There’s more to Orange County

Why OC is no longer the white, Republican stereotype.


Eva Moschitto

On the road to bipartisanship.

Liz Macias, Staff Writer

Like many other Westmont students, I grew up a little over 100 miles south of Santa Barbara in the suburbs of Orange County. When talking to my fellow SoCal natives from Los Angeles, Ventura or San Diego counties, I often find myself apologizing immediately after admitting that I was born and raised in Orange County. Whether it be as a result of infamous TV shows like Bravo’s “The Real Housewives of Orange County” or FOX’s “The O.C.,” of being the homebase of former Republican president Richard Nixon, or, well, the mere existence of Huntington Beach, it’s safe to say that the county has received its fair share of criticism.
The jokes, criticisms or eye-rolls are most commonly based on two long-existing stereotypes. The first is that Orange County is a haven for out-of-touch, racist white conservatives. The phrase “living behind the Orange Curtain” doesn’t come out of nowhere.
For a long time this stereotype was, indeed, true. Since 1936, Orange County had voted in favor of the Republican Party for 80 years until the 2016 presidential election, when Democratic Party candidate Hillary Clinton carried the county. Of course, this shift does not dictate that the county is suddenly a rival to ultra-liberal California cities like Berkeley or West Hollywood; however, it should at least be considered as some progress away from the political right wing.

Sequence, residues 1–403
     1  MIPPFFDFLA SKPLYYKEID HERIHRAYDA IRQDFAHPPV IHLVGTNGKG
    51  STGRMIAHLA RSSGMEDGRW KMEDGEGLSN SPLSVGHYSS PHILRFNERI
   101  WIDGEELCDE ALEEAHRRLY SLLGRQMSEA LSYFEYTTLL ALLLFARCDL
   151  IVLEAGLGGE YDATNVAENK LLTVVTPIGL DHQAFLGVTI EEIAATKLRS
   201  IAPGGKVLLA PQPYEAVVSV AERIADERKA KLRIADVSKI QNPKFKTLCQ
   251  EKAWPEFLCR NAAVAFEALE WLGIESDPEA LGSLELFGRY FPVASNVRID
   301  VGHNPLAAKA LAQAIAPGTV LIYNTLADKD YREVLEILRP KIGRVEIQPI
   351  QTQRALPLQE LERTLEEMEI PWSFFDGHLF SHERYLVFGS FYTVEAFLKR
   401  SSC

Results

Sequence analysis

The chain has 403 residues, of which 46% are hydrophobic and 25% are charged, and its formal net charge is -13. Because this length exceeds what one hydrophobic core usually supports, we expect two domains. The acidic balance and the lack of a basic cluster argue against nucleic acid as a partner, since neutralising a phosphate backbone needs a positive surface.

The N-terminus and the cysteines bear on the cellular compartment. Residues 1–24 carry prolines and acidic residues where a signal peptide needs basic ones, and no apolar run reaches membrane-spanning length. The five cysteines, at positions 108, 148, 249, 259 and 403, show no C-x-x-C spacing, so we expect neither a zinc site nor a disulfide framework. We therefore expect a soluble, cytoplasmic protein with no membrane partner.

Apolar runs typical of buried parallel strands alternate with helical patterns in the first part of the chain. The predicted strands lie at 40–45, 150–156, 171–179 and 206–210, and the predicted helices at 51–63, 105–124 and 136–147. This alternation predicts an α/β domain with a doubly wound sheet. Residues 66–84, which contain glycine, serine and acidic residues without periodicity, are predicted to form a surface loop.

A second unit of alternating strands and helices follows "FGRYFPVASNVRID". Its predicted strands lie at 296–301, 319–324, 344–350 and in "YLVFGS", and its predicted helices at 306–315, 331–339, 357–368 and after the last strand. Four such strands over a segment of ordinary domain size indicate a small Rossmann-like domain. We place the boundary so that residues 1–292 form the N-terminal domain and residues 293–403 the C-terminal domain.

This political shift is just one of several instances in recent OC history when there has been a push away from a conservative leaning. For example, for the first time in over a century, a seat in the Orange County Board of Supervisors flipped from Republican to Democrat in 2021.
Most shockingly, there are now more registered Democrats in the county than registered Republicans. Yes, there are still cities like Yorba Linda and Newport Beach that consistently vote conservative. However, longtime Democrat stronghold cities like Santa Ana, Anaheim and Laguna Beach have a major, oft-ignored impact that should be recognized. In terms of politics, Orange County has evolved counter to popular narrative.
Another common stereotype about Orange County is that it is highly — and even overwhelmingly — white. Just to preface, while I have solely Cuban and Mexican heritage, it’s important to acknowledge that I benefit from privilege due to my light skin. I know this has an effect I am likely not always aware of, meaning that my perception of racial tension in Orange County is unreliable, at best, and inappropriate, at worst.
That being said, the stereotype should go. For close to 20 years, the county has been a ‘minority-majority’ area, which means that the county has more people of color than white residents. As a side note, the high school I attended in north Orange County was 83% non-white: predominantly Asian and Latino/Hispanic.

So, with all of this, why does the conservative, backwards stigma continue to permeate? Is it the need to find and blame a scapegoat for the perceived “lack of progress” in Southern California? At the end of it all, we should reconsider and reframe our perception of Orange County. Conflating Orange County with exclusive whiteness and exclusive conservative values is incredibly harmful, and ultimately ignores the people’s rich history, context, and climate. Orange County is more diverse and progressive than we give it credit for.


Opinions expressed in letters and other editorials, unless otherwise stated, are those of the writers and not of The Horizon staff or the college collectively.

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